At my last company, we invited a strategy consultant to come assist the board with getting a tighter rein on our strategy. We had a board filled with conflicting objectives, and we stood to benefit both from the sound process and the outsider perspective of a good consultant.
Overall, the consultant's process was quite good, and we implemented the process nearly by the (her) book. She hadn't developed anything earthshaking or new. In fact, it was largely text-book strategy set to a rational and clear formula to assist with discipline and retention. This is a good thing. But there was one other aspect of her process that was also text-book that made me uncomfortable, and that's what we're examining today.
She took a traditional b-school marketing approach to customer lifetime value (CLV). That approach says that some customers are simply not as valuable as others, and a business should drop them and focus on the ones that are profitable. Now I'm all for dropping unprofitable customers! But the methodology for defining who those unprofitable customers are is largely incorrect, and leaves a lot of money on the table.
In the case of the consultant, she advised that customers who fit our strategic definitions should get first everything: calls should be routed to answer those customers first, they should receive the direct mail offers, they should receive all available attention. According to the consultant, we could serve the low value customers but only if we didn't spend any additional money or effort to do so.
The traditional b-school approach is called a standard CLV model. It demands that you calculate the net present value of all revenue and marketing dollars over a period of time (usually 1-3 years, but could be as much as decades, depending on the business) for each customer, and only keep the customers who show positive net present value for the marketing investment. Makes sense, right? Frequently, no.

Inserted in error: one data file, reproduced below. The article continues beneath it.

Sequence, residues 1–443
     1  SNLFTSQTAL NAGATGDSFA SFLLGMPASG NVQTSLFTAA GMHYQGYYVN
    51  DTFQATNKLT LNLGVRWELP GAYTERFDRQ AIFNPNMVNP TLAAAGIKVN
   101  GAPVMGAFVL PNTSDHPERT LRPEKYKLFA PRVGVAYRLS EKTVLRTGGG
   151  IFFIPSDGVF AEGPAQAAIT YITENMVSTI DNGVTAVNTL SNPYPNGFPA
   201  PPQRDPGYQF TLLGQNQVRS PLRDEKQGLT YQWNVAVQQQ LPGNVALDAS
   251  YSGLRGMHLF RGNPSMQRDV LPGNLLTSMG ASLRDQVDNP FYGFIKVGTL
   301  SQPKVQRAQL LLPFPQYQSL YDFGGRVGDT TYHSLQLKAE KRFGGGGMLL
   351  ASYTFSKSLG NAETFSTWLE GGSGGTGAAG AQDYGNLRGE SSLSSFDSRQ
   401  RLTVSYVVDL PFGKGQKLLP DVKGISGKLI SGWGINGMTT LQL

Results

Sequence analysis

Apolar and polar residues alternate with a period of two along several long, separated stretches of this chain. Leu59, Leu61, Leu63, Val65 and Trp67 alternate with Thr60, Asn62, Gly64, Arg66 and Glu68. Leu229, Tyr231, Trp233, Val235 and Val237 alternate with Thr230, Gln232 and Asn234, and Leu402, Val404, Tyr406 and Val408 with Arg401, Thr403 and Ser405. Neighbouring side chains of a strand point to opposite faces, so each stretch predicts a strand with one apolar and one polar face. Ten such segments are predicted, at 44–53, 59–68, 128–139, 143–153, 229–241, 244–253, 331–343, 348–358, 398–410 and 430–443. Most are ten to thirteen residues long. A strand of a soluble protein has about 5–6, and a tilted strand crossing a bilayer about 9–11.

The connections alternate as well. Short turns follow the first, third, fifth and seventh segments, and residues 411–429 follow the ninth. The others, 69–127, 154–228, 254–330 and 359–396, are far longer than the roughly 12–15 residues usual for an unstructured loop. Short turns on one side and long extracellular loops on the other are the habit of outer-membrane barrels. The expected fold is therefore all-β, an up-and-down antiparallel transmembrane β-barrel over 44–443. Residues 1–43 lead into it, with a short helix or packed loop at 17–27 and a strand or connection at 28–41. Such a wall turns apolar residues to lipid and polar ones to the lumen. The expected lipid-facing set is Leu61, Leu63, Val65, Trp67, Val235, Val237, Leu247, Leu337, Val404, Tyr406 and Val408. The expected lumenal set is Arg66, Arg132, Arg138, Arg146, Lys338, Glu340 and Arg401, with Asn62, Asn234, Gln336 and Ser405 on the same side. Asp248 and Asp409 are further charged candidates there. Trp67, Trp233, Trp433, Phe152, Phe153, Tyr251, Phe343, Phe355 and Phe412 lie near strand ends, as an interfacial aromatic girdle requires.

You see, the standard CLV model is just a snapshot in time. There is a cost to acquire a customer, and a cost to maintain a customer. Once the customer is acquired, the maintenance cost can be leveraged over long or short periods of time – it just depends on when you decide to exercise your option to drop them. So at that static moment in which the measurement is made, it may make sense to drop a whole batch of customers, based on anticipation of their behavior in the upcoming time period. But if you run the same projection in a month, or even a week, you could get a different result. I always found the standard CLV model sort of frustrating, because while I felt in my gut that something was wrong with it, I had nothing more substantive to back it up.
Recently I stumbled across a study published in the Journal of Marketing in 2006 that explains the weakness of the standard CLV approach. First, the article confirms that standard CLV models present an overall biased approach. The study authors point out that the standard CLV model assumes that unprofitable customers will continue to be unprofitable. This is true for some presently unprofitable customers, and not for others. Once a customer is cut off, the firm can no longer exercise options to benefit from the opportunity present in that customer, so use of the standard CLV approach actually undermines the opportunity to exercise options in the future. Future options could include offering presently unprofitable customers offers that were not offered previously and which would benefit that group of customers, maintaining service to those unprofitable customers at low cost, and of course, cutting off those customers at a later date.